MEAD: Or early French Revolution - oh, my goodness, it's sweeping the world. Reign of Terror - oh, my goodness. It can't happen.
SULLIVAN: Yeah. Right.
MEAD: Same thing with the Spanish - with the Latin American revolutions - ah, new democratic republics. Ugh, they'll never amount to anything. We just keep doing this.
SULLIVAN: Yeah, yeah, yeah. Yeah, because I think we often - and this is especially true in foreign policy conversations - is we tend to see things in these linear directions. Like, once an arrow gets pointed one way, we think, OK, that's going to keep going along for a while. And recognizing that there is going to just be contestation, and the pendulum is going to swing, and we have the capacity to shape the speed and movement of that arc. I think we'd be much better off thinking in those terms. It's hard for us, though, because as Americans, we kind of think of things as, you know, the arc of history going somehow...
MEAD: Yes. Right, we don't like to think that maybe it curves.
MEAD: So do you think we will be - would you recommend, say, to Democratic presidential candidates, if any were to ask you for advice, that they come out and say, support democracy promotion in Algeria?
SULLIVAN: Yes. I mean, I think the question is what is the - support democracy in Algeria? Yes. Be prepared to provide resources and support from the United States and rally it from other like-minded countries - yes, absolutely. The question for me about democracy promotion is, the tools and techniques that we have used in the past have sometimes worked and have sometimes not worked. And I think that we need a serious, systematic conversation - that is not about politics or partisanship in the United States - about what does the future of democracy support look like? In my own view, I think we would be much better off getting out of the to-ing and fro-ing of kind of picking winners and losers or supporting political parties of one kind or another and more into the plumbing of open democratic societies - rule of law, anti-corruption efforts, transparency - things that we can stand behind kind of no matter who the personalities are and on which we have proven capabilities. And so I think the U.S. should be making a huge push on that in the world, particularly at a moment when the Chinas and Russias and others are using - are weaponizing corruption as a tool of foreign policy, are using these opaque networks to buy people off, to squeeze people, to undermine democratic systems, to reduce accountability. We've got to have a fully mobilized effort to push back on that. But I think is - would necessarily look different from Clinton-era, Bush-era, even Obama-era kind of traditional American democracy support program.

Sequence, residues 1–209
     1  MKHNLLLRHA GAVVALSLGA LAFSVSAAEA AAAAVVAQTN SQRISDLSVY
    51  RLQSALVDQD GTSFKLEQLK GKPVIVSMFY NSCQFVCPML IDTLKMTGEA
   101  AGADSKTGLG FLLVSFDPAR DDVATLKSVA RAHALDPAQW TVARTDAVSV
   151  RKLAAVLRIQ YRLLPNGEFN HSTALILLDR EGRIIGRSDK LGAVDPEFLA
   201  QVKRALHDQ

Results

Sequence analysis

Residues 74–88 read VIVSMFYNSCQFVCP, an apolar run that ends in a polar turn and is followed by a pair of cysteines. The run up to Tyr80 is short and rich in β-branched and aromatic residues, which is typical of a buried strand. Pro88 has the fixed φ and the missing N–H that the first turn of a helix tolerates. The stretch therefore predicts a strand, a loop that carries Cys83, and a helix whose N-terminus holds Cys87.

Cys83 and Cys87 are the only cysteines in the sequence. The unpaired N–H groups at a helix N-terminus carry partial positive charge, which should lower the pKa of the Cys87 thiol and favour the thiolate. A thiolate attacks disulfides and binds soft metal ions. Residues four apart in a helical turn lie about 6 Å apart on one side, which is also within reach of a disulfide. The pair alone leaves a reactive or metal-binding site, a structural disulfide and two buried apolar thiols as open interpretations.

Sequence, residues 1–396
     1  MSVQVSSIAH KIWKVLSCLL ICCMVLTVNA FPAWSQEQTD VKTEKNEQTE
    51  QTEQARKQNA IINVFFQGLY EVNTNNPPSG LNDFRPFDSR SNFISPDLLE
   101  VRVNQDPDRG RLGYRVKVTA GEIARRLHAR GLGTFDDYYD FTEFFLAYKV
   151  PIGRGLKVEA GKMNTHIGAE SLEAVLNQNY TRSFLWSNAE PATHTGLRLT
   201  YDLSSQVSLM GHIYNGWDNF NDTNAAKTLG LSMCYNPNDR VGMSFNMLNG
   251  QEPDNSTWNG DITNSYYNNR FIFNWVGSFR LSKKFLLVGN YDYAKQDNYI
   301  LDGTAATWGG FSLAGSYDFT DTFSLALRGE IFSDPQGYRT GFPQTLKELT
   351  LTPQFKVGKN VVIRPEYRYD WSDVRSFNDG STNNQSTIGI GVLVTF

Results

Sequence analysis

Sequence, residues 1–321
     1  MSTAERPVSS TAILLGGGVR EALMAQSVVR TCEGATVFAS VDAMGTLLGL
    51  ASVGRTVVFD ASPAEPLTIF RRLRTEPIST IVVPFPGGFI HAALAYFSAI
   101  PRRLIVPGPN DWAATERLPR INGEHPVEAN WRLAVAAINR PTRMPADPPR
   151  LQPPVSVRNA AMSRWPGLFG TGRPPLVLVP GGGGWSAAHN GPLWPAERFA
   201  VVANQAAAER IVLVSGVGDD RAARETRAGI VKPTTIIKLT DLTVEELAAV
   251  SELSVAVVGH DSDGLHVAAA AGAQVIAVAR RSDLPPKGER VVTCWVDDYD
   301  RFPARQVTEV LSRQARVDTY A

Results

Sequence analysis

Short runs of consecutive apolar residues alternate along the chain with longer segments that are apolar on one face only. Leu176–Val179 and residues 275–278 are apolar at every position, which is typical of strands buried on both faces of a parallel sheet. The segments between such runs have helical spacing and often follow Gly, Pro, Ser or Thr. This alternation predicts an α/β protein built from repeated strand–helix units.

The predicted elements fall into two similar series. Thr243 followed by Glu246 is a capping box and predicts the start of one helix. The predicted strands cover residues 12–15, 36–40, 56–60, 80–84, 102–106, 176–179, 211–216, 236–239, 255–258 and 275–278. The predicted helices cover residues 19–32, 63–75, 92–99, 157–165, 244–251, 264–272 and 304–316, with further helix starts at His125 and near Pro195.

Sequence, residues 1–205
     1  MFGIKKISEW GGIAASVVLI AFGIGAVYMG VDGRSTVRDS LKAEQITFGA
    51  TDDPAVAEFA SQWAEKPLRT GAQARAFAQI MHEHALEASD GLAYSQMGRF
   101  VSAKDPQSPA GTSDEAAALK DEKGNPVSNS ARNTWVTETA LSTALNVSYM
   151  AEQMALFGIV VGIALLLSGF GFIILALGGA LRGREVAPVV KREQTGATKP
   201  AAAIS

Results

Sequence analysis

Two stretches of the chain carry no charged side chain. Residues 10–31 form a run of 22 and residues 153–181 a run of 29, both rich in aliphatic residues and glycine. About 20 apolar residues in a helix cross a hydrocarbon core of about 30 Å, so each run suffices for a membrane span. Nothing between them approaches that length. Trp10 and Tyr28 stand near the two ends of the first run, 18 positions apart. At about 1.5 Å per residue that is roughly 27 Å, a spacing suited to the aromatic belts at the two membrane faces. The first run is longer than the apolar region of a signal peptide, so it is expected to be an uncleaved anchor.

MEAD: Yeah, I think it is interesting to look at the way that sort of - if you look at how autocracy promotion has evolved and developed, it seems to have learned some things that democracy promotion hasn't.